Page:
The number of moons of Jupiter and Saturn has been updated in the "Solar System - selected topics" presentation again, as of Dec. 9, 2023.
In the past I might have considered asking "which two planets have the most moons?”. Even with as freqently as this information changes, that is a pretty safe question. However, I will stay away from that particular question this year.
The image at this link is a good representation:
The students will need to be more specific. The 1st quarter can be called "waxing half" and the 3rd quarter can be called "waning half".
"Mechanics" refers to the way the bodies move in relation to each other, including rotation and revolution. The geometry of eclipses could theoretically fall under this topic; however eclipses questions have their own category in our classification.
Coaches will receive a score breakdown that lists the general topics and the number of points your team scored for each. For example, Eclipses: 5 out of 18 possible points; or Constellations: 14 out of 23 possible. Information or performance on specific questions will not be reported.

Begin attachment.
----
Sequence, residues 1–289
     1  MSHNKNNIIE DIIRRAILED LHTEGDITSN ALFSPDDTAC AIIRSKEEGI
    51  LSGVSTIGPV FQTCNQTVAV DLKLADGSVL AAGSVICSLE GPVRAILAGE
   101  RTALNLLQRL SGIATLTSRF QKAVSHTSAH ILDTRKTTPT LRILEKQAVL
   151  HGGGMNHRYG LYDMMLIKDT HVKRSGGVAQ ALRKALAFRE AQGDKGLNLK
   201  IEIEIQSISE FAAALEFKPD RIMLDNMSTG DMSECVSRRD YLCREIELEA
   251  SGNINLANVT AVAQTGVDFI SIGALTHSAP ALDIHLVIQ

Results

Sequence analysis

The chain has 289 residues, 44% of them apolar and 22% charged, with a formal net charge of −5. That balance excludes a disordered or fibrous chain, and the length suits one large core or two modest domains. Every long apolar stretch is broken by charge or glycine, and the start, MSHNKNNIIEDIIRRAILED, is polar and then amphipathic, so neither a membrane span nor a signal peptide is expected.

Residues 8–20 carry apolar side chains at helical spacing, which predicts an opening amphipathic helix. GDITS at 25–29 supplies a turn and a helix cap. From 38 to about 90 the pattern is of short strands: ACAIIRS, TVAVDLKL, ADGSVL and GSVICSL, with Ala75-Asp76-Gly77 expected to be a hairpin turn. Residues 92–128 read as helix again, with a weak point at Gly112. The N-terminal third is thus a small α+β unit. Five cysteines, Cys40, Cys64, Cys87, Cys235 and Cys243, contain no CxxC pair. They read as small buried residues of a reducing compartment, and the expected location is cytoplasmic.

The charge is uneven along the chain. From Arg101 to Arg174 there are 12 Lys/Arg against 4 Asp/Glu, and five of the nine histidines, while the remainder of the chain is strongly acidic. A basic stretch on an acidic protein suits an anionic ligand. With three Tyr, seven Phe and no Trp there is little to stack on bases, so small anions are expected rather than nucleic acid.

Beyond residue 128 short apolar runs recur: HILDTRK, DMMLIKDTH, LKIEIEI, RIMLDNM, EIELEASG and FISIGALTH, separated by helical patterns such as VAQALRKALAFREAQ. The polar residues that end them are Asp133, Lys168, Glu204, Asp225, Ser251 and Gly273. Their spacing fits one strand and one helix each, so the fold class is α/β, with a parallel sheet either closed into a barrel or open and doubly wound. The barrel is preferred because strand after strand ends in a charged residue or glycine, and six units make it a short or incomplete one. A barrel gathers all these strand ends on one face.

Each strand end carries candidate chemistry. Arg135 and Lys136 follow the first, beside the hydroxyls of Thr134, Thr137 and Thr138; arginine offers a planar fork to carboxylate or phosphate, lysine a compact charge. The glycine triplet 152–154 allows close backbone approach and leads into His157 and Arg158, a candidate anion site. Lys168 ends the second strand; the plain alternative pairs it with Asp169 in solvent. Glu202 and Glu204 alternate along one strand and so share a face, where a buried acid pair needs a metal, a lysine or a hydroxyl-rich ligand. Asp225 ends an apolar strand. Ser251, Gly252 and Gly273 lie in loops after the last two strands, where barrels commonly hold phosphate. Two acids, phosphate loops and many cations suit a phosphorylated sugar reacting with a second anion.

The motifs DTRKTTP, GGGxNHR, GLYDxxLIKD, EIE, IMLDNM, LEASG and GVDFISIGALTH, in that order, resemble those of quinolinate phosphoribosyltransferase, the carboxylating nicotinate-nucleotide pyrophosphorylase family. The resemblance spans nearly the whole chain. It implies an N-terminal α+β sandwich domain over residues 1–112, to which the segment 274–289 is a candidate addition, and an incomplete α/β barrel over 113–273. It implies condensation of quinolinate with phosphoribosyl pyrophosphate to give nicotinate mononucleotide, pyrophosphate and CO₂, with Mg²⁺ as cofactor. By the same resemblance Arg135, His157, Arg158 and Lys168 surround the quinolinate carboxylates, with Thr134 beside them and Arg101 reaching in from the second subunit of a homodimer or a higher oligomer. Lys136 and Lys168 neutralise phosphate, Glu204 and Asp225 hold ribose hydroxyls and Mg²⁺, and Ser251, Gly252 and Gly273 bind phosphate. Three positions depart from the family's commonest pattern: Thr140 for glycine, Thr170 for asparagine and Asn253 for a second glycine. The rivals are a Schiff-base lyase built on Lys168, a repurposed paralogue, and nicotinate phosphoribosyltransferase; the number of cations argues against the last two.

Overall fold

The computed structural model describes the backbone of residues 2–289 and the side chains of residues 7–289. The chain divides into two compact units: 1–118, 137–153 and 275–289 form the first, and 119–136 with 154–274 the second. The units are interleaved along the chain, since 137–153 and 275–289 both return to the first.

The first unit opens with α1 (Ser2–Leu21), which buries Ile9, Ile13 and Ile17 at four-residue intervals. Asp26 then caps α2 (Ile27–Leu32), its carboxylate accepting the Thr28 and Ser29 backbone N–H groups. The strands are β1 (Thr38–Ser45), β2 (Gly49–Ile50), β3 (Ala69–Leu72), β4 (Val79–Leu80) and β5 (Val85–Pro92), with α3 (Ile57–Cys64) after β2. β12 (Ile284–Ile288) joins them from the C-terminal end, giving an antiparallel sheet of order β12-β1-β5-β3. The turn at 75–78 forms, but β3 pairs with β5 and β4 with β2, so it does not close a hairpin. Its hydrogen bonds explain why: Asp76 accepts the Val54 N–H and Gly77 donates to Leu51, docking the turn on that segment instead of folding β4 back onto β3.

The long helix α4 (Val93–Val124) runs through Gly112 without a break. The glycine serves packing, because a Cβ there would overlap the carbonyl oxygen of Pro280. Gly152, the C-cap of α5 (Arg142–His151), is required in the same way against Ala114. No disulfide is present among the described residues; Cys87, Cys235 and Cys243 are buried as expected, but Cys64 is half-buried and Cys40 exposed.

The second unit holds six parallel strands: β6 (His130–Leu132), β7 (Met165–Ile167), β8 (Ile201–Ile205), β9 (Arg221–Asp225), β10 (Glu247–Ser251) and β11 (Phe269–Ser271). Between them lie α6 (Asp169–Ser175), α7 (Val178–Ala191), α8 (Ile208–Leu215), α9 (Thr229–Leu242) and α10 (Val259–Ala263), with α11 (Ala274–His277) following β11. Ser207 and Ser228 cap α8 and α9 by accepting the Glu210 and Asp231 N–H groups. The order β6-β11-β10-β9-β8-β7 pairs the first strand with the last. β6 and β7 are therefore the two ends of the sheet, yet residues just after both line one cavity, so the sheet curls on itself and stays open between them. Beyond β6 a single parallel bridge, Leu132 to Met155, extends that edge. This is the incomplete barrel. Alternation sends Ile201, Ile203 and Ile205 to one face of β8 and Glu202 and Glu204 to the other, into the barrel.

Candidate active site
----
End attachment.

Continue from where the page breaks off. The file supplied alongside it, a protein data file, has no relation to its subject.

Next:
Use the 36-page star charts provided – not anything else you may see online. The kids will be given a star chart (from the 12 pages that don't have lines or names) with a box around a group of stars that make up a constellation, or an arrow pointing to a particular star or cluster. They may draw in lines if it helps them figure out where they are on the chart, but they don’t have to. They will be expected to name the constellation or star or cluster indicated.
This topic is covered in a couple of the posted resources. Check out the 2018 workshop video at time stamp 48:45. Also see page 19 of the "Solar System Selected Topics" study guide.
As stated in the rules: "be able to identify these constellations and specific stars or star cluster [as listed], on a star chart of any month with no constellation lines visible."
Said another way, if we point to a specific star, or circle a group of stars that comprise a constellation, they should be able to name it with reasonable spelling. Only the ones listed in the rules.
We won’t draw the constellation lines to assist them, and don't require the students to connect stars in a constellation pattern. The students may draw constellation lines on the test if they wish.
Ursa Major is one of the constellations which the students should know. The Big Dipper is an asterism, which is a collection of stars that has been given another name, and in this specific case happens to be a subset of the stars included in Ursa Major. Some asterisms include stars from multiple constellations.
Students will not be given credit if they substitute the name of an asterism for the name of a constellation.